Marijuana Legalization: The Potrepreneurs are Coming

We all know that Washington and Colorado will lead the way with marijuana legalization in 2014. But what will the marijuana industry of the future look like? Will we see "WEED" or "BUDZ" as stock ticker symbols by 2018? 2020? 

The marijuana industry has explosive potential, but regulatory and organizational obstacles are looming in the next few years as the infant industry takes its first steps.

Marijuana Policy Project estimated that the marijuana industry was worth $1.7 billion in 2011, with the potential to grow to $8.9 billion by 2016. That could be a 523% growth rate in five years, resembling the growth of some of the explosive tech companies in the 2000s.

Currently, the agricultural and commercial sectors of the black market marijuana industry do very well: Marijuana is the first, second, or third-most expensive cash crop in all 50 states. At a relatively low cost of production, it is one of the most highly profitable crops in the country, mainly because of its current prohibitory status. (As the market opens, we can expect to see the price per kilogram fall.)

Even the heavily subsidized and price-fixed sugar industry cannot compete with the profits that marijuana growers reap on the black market. Additionally, the wholesale and street prices of marijuana, thanks again to the black market, are considerably higher than the monetary costs that suppliers face. The UN Office on Drugs and Crime reported that the price per ounce of marijuana in 2011 ranged from $20 to $1,800, an estimate so laughably broad that it could only apply to an item sold in illicit markets. The reason for the huge price discrepancy? Risk, which is considerably higher on illicit markets than legal ones.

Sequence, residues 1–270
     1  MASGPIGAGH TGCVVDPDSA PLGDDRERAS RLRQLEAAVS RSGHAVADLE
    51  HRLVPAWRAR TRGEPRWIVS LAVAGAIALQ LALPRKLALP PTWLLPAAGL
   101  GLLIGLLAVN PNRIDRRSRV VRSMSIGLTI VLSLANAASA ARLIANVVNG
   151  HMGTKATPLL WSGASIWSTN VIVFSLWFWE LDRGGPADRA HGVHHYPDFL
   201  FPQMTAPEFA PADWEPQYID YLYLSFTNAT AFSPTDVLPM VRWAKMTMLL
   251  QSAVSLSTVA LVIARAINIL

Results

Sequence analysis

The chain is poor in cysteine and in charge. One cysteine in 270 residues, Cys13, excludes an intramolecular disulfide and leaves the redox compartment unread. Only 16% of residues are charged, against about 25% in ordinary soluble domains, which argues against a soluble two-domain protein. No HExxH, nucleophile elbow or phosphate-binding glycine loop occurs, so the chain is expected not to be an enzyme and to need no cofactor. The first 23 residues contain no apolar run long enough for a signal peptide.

As the market opens, it could be bad news for black market growers and sellers who may see their extreme profits decrease. But it is good news for many investors, entrepreneurs, and buyers that prefer to interact in the legal sector. However, a few issues stand in their way before they take the plunge into the marijuana industry.

Regulatory Challenges. The marijuana industry faces significant regulatory challenges, especially in the state of Colorado. An Atlantic Cities report states that after Amendment 64 was passed, the Colorado legislature mandated that:

“A person [should be] a Colorado resident for two years before they can apply for a marijuana business license, and three years before they can invest in a marijuana grower or retailer. It also has to be the investor's primary residence.”

With requirements like this and issues of marijuana legality in other states (there is no option to open the company’s headquarters in Delaware, for example), the industry may sputter for a while, since few of the highest profile investors actually live in Colorado.

Firm Reluctance. One of the easiest ways for the marijuana industry to explode will be if large firms enter and operate their business like any other large agricultural business in the country. In 2010, CNBC ran a piece about the potential of marijuana as a future cash crop. They interviewed agricultural giant Monsanto, asking if any marijuana cultivation was in their future. Of course, in 2010, they said it was not since it was “largely illegal.” However, if they (or any other large firm) change their mind, they could have the power to multiply the size of the industry.

For those of you that hate the idea of the marijuana industry turning into “Big Tobacco” or just hate Monsanto, don’t worry. With the legal market opening up, there could plenty of opportunities for market differentiation, i.e. the huge Starbucks chain-like retail locations, and the boutique hipster coffee shop-like locations. However, for investors that are looking to get in to the industry, they will see much higher returns on a large Starbucks-like firm (maybe even one that has an IPO) than on a small, family-owned business.

Time will tell more about the future of the marijuana industry and its growth potential. But for those with an itchy finger and a high tolerance of risk, especially Colorado residents, there could be many opportunities in the future.